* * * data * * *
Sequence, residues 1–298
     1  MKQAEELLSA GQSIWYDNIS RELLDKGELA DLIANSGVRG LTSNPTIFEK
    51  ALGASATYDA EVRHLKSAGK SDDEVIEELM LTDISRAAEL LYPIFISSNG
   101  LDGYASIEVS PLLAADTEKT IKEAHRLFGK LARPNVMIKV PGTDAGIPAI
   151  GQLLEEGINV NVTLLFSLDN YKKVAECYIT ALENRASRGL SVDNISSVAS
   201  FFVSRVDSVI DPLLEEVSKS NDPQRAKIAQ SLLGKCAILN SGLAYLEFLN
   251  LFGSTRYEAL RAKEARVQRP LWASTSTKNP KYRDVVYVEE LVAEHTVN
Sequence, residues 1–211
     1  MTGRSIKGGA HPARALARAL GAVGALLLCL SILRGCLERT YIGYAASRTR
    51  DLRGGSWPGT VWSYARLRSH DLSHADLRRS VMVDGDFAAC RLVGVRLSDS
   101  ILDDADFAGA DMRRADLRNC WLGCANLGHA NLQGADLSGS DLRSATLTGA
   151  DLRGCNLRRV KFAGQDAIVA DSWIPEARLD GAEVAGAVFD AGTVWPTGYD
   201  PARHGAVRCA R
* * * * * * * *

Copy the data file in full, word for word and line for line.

Sequence, residues 1–298
     1  MKQAEELLSA GQSIWYDNIS RELLDKGELA DLIANSGVRG LTSNPTIFEK
    51  ALGASATYDA EVRHLKSAGK SDDEVIEELM LTDISRAAEL LYPIFISSNG
   101  LDGYASIEVS PLLAADTEKT IKEAHRLFGK LARPNVMIKV PGTDAGIPAI
   151  GQLLEEGINV NVTLLFSLDN YKKVAECYIT ALENRASRGL SVDNISSVAS
   201  FFVSRVDSVI DPLLEEVSKS NDPQRAKIAQ SLLGKCAILN SGLAYLEFLN
   251  LFGSTRYEAL RAKEARVQRP LWASTSTKNP KYRDVVYVEE LVAEHTVN
Sequence, residues 1–211
     1  MTGRSIKGGA HPARALARAL GAVGALLLCL SILRGCLERT YIGYAASRTR
    51  DLRGGSWPGT VWSYARLRSH DLSHADLRRS VMVDGDFAAC RLVGVRLSDS
   101  ILDDADFAGA DMRRADLRNC WLGCANLGHA NLQGADLSGS DLRSATLTGA
   151  DLRGCNLRRV KFAGQDAIVA DSWIPEARLD GAEVAGAVFD AGTVWPTGYD
   201  PARHGAVRCA R